provides a way to identify highly variable genes, where the "variance" is
decoupled from the average level of expression of the gene.
The residual variance is easily accessible from the `sctransform` output as we
show below.
First, we run `sctransform` as we did previously.
```{r sctransform-apply, warning=FALSE, message=FALSE}
deng_sparse <- as(counts(deng), "dgCMatrix")
### Genes expressed in at least 5 cells will be kept
sctnorm_data <- sctransform::vst(umi = deng_sparse, min_cells = 1,
cell_attr = as.data.frame(colData(deng)),
latent_var = "log10_total_counts_endogenous")
sctnorm_data$model_str
```
```{r sctransform-feature-select, warning=FALSE, message=FALSE}
library(ggplot2)
ggplot(sctnorm_data$gene_attr, aes(residual_variance)) +
geom_histogram(binwidth=0.1) +
geom_vline(xintercept=1, color='red') + xlim(0, 10)
sctnorm_data$gene_attr$label <- rownames(sctnorm_data$gene_attr)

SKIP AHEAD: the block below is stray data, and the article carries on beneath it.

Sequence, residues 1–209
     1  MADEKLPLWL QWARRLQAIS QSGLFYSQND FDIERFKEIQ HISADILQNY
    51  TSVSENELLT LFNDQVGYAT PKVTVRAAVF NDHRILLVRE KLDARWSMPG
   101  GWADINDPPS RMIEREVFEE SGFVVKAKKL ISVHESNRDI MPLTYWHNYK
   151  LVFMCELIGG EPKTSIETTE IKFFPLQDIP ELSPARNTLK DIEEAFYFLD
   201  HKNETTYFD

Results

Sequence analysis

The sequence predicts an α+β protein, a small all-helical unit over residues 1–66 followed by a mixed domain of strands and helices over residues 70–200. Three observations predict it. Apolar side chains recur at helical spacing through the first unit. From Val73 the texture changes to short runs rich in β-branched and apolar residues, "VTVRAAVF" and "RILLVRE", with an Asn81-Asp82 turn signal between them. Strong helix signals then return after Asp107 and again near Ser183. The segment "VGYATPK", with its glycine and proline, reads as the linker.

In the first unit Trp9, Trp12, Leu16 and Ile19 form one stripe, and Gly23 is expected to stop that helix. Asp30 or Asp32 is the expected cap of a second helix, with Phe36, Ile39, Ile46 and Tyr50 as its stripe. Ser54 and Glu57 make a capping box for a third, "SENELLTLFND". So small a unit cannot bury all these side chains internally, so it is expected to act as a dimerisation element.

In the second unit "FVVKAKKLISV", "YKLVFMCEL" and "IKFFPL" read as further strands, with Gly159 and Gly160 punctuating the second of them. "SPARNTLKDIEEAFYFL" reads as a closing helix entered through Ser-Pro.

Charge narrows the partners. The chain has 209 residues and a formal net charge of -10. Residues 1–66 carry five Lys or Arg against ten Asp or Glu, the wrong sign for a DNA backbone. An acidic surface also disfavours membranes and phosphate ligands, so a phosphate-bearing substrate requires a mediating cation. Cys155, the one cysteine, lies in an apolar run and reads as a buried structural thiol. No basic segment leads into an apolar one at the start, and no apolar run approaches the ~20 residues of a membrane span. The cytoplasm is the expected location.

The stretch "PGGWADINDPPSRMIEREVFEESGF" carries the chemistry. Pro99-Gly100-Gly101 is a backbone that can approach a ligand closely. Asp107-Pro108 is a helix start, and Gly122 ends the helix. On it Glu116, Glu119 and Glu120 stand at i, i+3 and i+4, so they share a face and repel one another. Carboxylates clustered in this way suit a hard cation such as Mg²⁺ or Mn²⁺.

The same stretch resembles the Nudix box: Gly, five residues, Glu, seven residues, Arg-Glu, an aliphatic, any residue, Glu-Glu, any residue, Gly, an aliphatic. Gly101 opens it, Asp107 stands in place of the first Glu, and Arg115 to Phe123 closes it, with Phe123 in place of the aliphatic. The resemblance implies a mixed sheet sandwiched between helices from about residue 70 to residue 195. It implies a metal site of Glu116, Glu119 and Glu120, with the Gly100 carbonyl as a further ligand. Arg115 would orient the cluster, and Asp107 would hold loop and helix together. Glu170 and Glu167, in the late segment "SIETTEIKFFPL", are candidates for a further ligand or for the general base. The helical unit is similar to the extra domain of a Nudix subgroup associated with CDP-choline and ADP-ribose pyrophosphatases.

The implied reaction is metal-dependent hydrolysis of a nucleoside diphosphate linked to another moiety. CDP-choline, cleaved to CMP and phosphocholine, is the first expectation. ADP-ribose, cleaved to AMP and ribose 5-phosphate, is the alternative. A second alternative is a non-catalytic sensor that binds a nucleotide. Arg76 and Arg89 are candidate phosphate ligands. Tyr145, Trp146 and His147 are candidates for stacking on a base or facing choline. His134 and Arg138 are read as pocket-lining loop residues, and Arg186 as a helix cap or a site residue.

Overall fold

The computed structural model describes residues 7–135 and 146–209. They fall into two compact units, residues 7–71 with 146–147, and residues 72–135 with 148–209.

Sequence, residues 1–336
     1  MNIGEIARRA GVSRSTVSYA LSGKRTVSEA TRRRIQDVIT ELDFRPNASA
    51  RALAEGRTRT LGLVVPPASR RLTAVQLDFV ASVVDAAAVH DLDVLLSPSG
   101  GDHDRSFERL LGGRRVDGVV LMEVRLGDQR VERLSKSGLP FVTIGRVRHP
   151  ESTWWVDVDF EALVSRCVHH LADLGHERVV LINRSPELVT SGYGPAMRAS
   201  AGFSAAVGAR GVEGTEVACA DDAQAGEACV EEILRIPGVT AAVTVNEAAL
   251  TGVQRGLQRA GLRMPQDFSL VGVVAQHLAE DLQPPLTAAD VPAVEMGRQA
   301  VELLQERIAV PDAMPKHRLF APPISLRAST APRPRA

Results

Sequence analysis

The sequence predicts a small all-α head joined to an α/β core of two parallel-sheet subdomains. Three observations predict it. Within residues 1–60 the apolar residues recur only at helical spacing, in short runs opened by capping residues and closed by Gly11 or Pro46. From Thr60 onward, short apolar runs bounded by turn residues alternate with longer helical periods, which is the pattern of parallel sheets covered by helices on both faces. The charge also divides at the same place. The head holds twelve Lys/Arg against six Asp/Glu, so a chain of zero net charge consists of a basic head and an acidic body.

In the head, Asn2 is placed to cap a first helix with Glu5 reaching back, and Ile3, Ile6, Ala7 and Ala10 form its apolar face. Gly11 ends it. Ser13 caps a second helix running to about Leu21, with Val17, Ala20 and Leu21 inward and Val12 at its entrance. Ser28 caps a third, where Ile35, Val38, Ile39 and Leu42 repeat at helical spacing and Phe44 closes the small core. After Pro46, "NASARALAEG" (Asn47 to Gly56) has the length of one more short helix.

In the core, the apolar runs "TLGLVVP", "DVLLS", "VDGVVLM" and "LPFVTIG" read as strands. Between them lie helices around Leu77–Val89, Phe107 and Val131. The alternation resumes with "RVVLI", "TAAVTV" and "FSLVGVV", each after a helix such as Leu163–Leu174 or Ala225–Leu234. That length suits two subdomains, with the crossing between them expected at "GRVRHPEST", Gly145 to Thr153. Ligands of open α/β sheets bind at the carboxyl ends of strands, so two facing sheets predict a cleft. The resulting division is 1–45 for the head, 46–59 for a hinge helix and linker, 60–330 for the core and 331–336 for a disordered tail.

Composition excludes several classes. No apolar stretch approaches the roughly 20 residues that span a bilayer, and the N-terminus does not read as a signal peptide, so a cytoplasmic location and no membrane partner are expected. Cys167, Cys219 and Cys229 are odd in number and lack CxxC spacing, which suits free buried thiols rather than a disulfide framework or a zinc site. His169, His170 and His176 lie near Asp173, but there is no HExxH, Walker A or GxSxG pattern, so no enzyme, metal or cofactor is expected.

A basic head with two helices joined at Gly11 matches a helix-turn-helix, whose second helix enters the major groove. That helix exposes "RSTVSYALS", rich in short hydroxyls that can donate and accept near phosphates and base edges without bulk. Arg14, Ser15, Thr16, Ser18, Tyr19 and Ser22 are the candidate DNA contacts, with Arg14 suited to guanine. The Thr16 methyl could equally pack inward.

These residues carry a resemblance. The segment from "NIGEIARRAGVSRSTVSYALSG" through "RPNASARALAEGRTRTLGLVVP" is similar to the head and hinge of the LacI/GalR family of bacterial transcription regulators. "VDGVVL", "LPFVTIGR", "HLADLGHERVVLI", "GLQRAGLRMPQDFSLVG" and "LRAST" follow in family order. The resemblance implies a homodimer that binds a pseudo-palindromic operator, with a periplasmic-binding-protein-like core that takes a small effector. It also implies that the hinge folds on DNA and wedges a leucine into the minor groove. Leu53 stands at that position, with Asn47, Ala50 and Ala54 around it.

ggplot(sctnorm_data$gene_attr, aes(x = gmean, y=residual_variance)) +
geom_point(alpha = 0.6) +
geom_point(colour = "firebrick2",
data = sctnorm_data$gene_attr[sctnorm_data$gene_attr$residual_variance > 3,]) +
scale_x_log10() +
geom_hline(yintercept = 1, size = 3, color = "dodgerblue") +
geom_label(aes(label = label),
data = sctnorm_data$gene_attr[sctnorm_data$gene_attr$residual_variance > 30,]) +
theme_bw()
sct_genes <- rownames(sctnorm_data$gene_attr)[sctnorm_data$gene_attr$residual_variance > 4]
table(sctnorm_data$gene_attr$residual_variance > 4)
```
If we set a (relatively arbitrary) threshold of a residual variance greater than
three marking a "highly variable gene", then we identify around 2000 highly
variable genes with this `sctransform` approach.
[NB: the `deng` data is extremely high depth for scRNA-seq data, so not the most